Given the last-minute withdrawal from Berlin of two Chinese films — Zhang Yimou’s One Second and Derek Tsang’s Better Days — speculation has been rife that China is tightening up on film censorship. Lee says: “HKIFF has always strived to keep an open and independent mind when it comes to programming. I recognise that we live in a political world and decisions we take will be interpreted one way or the other. But nothing would deviate us from our sole mandate, which is to promote film culture in Hong Kong.” 

HKIFF HAF work-in-progress preview

With a growing industry reputation, the third HAF Work-in-Progress has doubled in size.

After testing the market with eight projects in 2017, the Hong Kong-Asia Film Financing Forum’s (HAF) Work-in-Progress (WiP) Lab has swiftly established itself as an important platform for near-completed productions. Most of the projects from the first two years have gone on to premiere at festivals, with notable titles including Village Rockstars, India’s entry for this year’s best foreign-language-film Oscar; Ayka and The Man Who Surprised Everyone, which won best actress awards at last year’s Cannes and Venice’s Horizons sidebar respectively; and Still Human, which has eight nominations at this year’s Hong Kong Film Awards.

Entering its third edition, the WiP Lab continues to expand with the launch of a new section dedicated to feature documentaries. Nine documentaries have been selected, including Odoriko, an immersive journey into the dressing room of a Japanese strip theatre. A WiP documentary award with a cash prize worth $9,900 (hk$78,000) will be handed out.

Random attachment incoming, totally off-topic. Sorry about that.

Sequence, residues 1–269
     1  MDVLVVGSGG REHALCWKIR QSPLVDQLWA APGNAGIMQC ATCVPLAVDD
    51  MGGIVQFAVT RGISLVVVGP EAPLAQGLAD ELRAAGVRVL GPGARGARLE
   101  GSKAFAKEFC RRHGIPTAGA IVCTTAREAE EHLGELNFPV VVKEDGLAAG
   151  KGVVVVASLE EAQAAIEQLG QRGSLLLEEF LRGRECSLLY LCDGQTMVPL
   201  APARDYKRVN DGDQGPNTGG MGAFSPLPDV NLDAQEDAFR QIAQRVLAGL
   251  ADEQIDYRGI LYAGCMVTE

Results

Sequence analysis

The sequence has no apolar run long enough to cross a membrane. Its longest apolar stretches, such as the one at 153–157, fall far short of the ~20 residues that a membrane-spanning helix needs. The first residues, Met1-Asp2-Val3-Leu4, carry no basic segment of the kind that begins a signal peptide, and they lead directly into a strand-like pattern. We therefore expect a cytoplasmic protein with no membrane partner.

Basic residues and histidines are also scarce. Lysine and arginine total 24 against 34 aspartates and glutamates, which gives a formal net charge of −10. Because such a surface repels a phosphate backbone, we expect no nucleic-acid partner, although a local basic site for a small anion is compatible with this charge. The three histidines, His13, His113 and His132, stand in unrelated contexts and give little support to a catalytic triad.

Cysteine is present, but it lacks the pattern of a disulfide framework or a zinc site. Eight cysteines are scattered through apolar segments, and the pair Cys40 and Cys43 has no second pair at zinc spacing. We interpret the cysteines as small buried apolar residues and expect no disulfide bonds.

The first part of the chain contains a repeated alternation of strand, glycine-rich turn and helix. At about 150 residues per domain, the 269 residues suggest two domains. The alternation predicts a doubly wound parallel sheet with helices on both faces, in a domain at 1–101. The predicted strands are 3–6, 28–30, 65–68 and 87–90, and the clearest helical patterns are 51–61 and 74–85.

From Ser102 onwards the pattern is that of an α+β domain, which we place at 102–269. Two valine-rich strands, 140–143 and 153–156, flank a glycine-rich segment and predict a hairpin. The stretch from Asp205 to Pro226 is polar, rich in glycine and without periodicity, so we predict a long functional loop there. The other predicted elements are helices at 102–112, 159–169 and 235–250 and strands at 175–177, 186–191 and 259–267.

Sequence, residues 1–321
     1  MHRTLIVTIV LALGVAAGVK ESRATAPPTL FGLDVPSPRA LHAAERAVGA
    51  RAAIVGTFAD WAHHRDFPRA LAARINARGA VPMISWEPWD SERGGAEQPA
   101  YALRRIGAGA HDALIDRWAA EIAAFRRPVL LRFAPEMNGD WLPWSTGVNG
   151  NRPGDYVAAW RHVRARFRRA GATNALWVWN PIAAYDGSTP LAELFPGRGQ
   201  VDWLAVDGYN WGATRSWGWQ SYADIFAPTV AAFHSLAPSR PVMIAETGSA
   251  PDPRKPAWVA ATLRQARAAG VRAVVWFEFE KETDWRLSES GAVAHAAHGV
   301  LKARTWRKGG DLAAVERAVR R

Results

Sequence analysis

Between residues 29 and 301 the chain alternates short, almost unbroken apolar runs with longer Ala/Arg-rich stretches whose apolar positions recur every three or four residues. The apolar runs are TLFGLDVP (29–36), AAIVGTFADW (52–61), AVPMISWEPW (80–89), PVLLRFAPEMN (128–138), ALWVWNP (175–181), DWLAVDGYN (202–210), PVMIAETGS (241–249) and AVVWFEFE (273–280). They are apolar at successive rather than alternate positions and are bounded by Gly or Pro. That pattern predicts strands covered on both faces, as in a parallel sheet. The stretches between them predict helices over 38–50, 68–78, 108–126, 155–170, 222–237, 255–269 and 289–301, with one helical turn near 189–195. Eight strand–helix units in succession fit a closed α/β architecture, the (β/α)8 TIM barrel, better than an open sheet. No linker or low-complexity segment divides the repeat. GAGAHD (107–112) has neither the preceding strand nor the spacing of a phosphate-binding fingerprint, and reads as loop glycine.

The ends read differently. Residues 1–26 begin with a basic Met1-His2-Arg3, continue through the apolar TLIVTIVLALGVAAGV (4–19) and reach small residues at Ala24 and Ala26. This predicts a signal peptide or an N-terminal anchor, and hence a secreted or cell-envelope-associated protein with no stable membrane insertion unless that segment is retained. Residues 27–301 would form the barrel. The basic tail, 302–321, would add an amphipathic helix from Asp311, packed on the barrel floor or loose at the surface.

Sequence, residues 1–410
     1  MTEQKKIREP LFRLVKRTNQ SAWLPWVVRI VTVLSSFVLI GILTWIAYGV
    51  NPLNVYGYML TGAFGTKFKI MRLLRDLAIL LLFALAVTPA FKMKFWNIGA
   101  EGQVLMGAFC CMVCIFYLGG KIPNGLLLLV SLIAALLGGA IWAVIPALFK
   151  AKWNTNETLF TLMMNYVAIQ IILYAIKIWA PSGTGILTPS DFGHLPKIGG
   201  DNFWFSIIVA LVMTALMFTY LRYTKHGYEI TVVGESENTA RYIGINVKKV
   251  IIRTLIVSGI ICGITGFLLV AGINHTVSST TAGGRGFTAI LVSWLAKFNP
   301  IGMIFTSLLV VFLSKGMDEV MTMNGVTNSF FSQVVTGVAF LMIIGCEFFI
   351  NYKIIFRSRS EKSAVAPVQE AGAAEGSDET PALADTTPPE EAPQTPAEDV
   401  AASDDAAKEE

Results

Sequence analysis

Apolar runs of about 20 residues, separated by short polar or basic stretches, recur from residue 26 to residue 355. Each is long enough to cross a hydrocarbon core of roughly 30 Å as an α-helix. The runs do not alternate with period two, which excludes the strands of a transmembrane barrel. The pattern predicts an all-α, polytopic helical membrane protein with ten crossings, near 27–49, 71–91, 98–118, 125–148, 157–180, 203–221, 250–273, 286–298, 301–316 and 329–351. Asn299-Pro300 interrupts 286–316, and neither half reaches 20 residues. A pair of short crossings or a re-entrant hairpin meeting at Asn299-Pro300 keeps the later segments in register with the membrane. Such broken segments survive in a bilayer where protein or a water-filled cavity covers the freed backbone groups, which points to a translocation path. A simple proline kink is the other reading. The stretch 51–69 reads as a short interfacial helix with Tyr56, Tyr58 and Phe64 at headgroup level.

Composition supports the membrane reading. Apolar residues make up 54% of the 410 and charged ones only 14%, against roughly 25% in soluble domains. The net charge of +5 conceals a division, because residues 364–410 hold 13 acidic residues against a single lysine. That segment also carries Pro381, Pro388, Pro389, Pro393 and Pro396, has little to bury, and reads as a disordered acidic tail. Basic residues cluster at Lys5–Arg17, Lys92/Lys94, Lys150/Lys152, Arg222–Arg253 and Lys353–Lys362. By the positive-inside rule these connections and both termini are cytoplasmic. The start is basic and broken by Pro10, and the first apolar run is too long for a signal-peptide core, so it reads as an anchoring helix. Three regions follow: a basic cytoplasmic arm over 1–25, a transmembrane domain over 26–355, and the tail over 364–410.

“WiP is a growth area,” says Jacob Wong, director of HAF. “We started with WiP for fiction films and this year we introduced WiP for documentaries, seeing that there’s a good and growing crop of documentary titles out there and that there’s supply as well as demand.”

Ten projects are included in the narrative feature section, among them Hello! Tapir, about a boy in search of the mythical nightmare-eating creature in the forest. Combined, the two sections have doubled the size of the previous WiP editions and organisers claim it is the first WiP market to have fiction and documentary projects in almost equal number.

Unlike the main HAF — which is for projects in development or pre-production stages — the WiP Lab extends HAF services downstream with a platform for late-stage projects that are seeking completion funding, post-production partners, sales agents or festival berths. “WiP titles sit well with distributors on the lookout for product to represent and with festival programmers looking for works to present,” says Wong. “It’s also good for financiers just coming into the business, as WiP projects stand a good change of seeing daylight and can be boarded at a lower cost.”

Each WiP project team will have an individual booth in the same HAF area for one-to-one meetings, and the opportunity to present their projects at an open pitch session that takes place on March 18 for documentaries and March 19 for fiction features.

The third HAF Work-in-Progress Lab will run from March 18-20.